As the classic Tina Turner song goes what’s love, what’s love got to do with it? The answer for brands, of course, is everything. Whether customers return for a repeat purchase lies in the distance between liking and loving a brand. Traditionally, in order to assess audience sentiment around a service or product, companies used to send out surveys. And while many still do, with social media, marketers now have access to an immense amount of text data which can be leveraged for sentiment analysis.
While surveys are helpful in user design research, for A/B testing and the like, social media is a great place to go to assess sentiment. Most brands conduct social listening, carefully following all mentions of their brand online. That’s why Sentiment Analysis is a powerful tool, because it can help to scale the analysis abilities of a single marketer. But with Sentiment Analysis there are caveats, and this is where we wanted to start first in this blog.
Limitations of Sentiment Analysis
1. Classification systems are as good as their training datasets
In order to build a machine learning model, data scientists need structured datasets. A structured dataset has features which are given weights in an algorithm. Any classification system, which is at the heart of any sentiment analysis tool, will be dependent on these beginning datasets.
2. It’s hard enough for two humans to understand each other
Accuracy in the model also dovetails into the question of linguistic nuance accuracy. Famed linguist Noam Chomsky made a name for himself in the 1960s with the revelation that language acquisition is isomorphic, that a sentence approached from different ways could still be understood by a human. But there are many acquisition factors that have yet to be fully replicated by a machine.
More simply, it’s hard to understand one another. In our blog, What is Natural language Processing (and Why Should You Care)?, we discuss the difficulties in a machine understanding slang and sarcasm.
So much of human communication is actually non-verbal, and that is yet another barrier to conquer in the march towards machine-human language.
3. Social media is brief
If talk is cheap, then no wonder social media platforms are free. It is difficult to accurately assess shorter text data. While sentiment analysis accuracy has definitely reached new heights, the highest level of accuracy is still on large volumes of text data. For much shorter text posts, such as is the case in social media, accuracy is still a challenge. It’s the difference between a whole news article and a single 240 character tweet.
Benefits of Sentiment Analysis
So, if it’s so difficult to address these issues, how can sentiment analysis propel your brand forward? For that, let’s take a look at an example through Scraawl SocL. We ran a report on the brand @tacobell and so collected about 10,000 posts that both mentioned the brand or were tweets from the brand.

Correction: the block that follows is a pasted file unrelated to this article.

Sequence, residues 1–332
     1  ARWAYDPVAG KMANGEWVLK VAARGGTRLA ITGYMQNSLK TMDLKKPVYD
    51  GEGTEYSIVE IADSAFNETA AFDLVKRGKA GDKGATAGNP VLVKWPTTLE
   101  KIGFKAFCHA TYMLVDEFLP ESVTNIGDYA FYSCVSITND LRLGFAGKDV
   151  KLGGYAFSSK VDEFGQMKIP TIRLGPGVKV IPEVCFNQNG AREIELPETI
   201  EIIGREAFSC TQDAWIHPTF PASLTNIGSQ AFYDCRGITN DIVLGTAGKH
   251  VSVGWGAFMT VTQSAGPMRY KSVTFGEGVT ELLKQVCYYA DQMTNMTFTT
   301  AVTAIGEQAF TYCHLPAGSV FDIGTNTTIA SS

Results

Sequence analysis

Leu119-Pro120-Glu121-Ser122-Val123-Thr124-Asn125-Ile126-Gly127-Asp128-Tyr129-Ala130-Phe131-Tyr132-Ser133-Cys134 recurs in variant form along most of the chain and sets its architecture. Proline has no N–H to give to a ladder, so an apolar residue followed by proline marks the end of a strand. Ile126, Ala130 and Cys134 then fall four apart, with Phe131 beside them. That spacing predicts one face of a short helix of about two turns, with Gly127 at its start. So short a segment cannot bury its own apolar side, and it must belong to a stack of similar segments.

Now, for those uninitiated, Taco Bell is a polarizing brand. For some, it’s a beacon of light — with just $5 you could get a handful of burritos and tacos. For others, Taco Bell is difficult to swallow, literally. It is therefore, the perfect brand on which to run sentiment analysis. Before sentiment tools, the workflow for a social media marketer or brand manager used to go like this:
- Follow timeline feed –> Look out for customer dissatisfaction –> Offer customer support OR
- Follow timeline feed –> Look out for positive reviews –> Convert Fans to Advocates
In either example, the manager is helping to course correct a strategy, assuaging unhappy campers and activating positive customers into advocates.
With Scraawl we can simply run the analytic, Sentiment Analysis and see how the algorithm sorted the content:
Above is the break down of tweets that were either positive, negative, or neutral. It’s helpful to see how sentiment changes over time, if for example, there is a spike in emotion. This spike in sentiment can then be traced to an event, such as a PR snafu. For tweets that were not classified as positive or negative, they’re simply marked as neutral. Let’s look at examples of SocL’s classifications:
It would perhaps be tempting here to simply walk away and say that since the posts were 45% positive which is 27% more than the tweets classified as negative, therefore the brand Taco Belll is doing great on social media.
Again, remember the earlier points about the limitations of sentiment analysis, so it’s important as an analyst or marketer to review the classification to make sure it’s accurate. It is also worthwhile to look closely at the customers that are expressing negative sentiment.
Even if a small minority, unhappy customers are more likely to draw attention online, causing a distorted view of a brand. Strong marketing engagement tactics would be to interact with the dissatisfied user. Remember, brands don’t always have a solution, but they can always make their customers feel valued and heard.
Calculating the distance between
So what does love have to do with it? Depending on your available data, a sentiment tool like the advanced analytic in Scraawl SocL can help in a number of situations: in monitoring a new brand campaign, managing a PR scandal, or every day social listening. In summary:
1. Sentiment Analysis can help brands detect customer dissatisfaction
2. Sentiment Analysis can help brands support loyal customers
3. Sentiment Analysis can help brands course correct their SMM strategy
And most importantly, Scraawl SocL is able to scale the abilities of a marketer. Instead of going manually through hundreds or thousands of social media posts, social listening is a breeze.
Take it away, Tina.